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Dinosaur Bone Rings by Hileman Silver Jewelry

Phoenix, Arizona

Creating a Dinosaur Bone Ring

We create all of our genuine dinosaur bone rings in our Phoenix, Arizona jewelry studio. The process is fairly lengthy and requires special equipment as well as mastery of many jewelry and lapidary techniques to create a quality dinosaur bone ring our customer will be proud to wear.  We begin by injecting molten wax into a rubber mold to create a wax model copy of the ring design our customer has chosen.   We size the wax model of the ring and it is now ready to be cast in the metal of choice, in this case Continuum sterling silver.  Once the ring is cast in metal the ring is clipped from the casting tree, which usually contains several other rings, and we run it through a series of polishing wheels to check for any flaws in the metal.  At this point, any accent gemstones will be set, in the case of the example shown the stones are black diamonds.  The gemstones need to be set before starting the inlay process to avoid damaging the dinosaur bone inlay and to be able to put the ring in the ultrasonic to remove any debris from the setting process.

 

Next we select the dinosaur bone to inlay and use a rock saw with a diamond coated blade to cut a section off of the slab of rough dinosaur bone.  The strip of dinosaur bone is then cut into smaller pieces that will be inlaid in the ring.  Each individual piece of dinosaur bone is examined to find any flaws and maximize the colors and pattern.  Each piece is meticulously fit into place by grinding every side on a diamond wheel until a perfect fit is achieved.  The pieces of dinosaur bone are now ready to be glued into the ring's inlay channel with an industrial strength epoxy.  The epoxy hardens fairly quickly so it is important to get the dinosaur bone sections in place and perfectly seated before the epoxy hardens.  All of the hard work precisely fitting the inlay pieces can be ruined in the gluing process if the pieces are not perfectly positioned in place before the epoxy cures.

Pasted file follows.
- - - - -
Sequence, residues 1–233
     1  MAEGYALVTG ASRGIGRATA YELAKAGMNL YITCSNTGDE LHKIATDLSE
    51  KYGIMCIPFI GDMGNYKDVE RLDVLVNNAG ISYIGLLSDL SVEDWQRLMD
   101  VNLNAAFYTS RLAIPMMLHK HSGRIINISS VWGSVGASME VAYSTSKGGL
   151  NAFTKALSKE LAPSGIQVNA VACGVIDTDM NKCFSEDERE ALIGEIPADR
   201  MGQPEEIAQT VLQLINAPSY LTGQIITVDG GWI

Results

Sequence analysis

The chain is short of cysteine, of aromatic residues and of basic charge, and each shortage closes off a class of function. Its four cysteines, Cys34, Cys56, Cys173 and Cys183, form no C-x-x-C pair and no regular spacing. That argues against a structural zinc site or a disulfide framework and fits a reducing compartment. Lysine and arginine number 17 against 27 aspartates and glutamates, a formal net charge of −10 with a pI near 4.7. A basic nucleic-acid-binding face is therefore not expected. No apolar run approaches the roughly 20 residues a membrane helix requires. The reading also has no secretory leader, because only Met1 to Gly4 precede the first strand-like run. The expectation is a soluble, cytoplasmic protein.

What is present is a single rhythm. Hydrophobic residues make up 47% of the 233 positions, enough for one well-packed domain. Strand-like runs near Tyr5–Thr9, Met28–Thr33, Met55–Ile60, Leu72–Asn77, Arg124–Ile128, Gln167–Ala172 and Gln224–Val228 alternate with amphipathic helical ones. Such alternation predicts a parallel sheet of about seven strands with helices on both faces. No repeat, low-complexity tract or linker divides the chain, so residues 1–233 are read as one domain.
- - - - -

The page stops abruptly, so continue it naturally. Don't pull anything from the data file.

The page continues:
Once the epoxy has hardened, the next step is to grind off the excess epoxy and dinosaur bone until the bone is flush with the inlay channel.  Now the dinosaur bone is polished by grinding it on a series of diamond wheels until all the fine scratches are removed.  The final polishing step is to polish the dinosaur bone on a leather wheel coated with tin oxide.  This will put a put a perfect polish on the surface of the dinosaur bone and ready the ring for final buffing.  The cloth buffing wheel with a fine polishing compound will put a mirror finish on the silver and high polish on the dinosaur bone.  The dinosaur bone ring is now cleaned with soft soap and a soft toothbrush to remove any polishing compound that may have lodged around the black diamonds.  The ring is photographed in the light tent and then shipped to its proud new bone ring owner.

Learn how to care for your dinosaur bone ring.

Click on the arrow to start the slideshow or click on the image to switch to full screen mode.

Click on the arrow to start the slideshow or click on the image to switch to full screen mode.

Mark Hileman Grinding Dinosaur Bone

Mark Hileman is running the dinosaur bone through a series of diamond polishing wheels.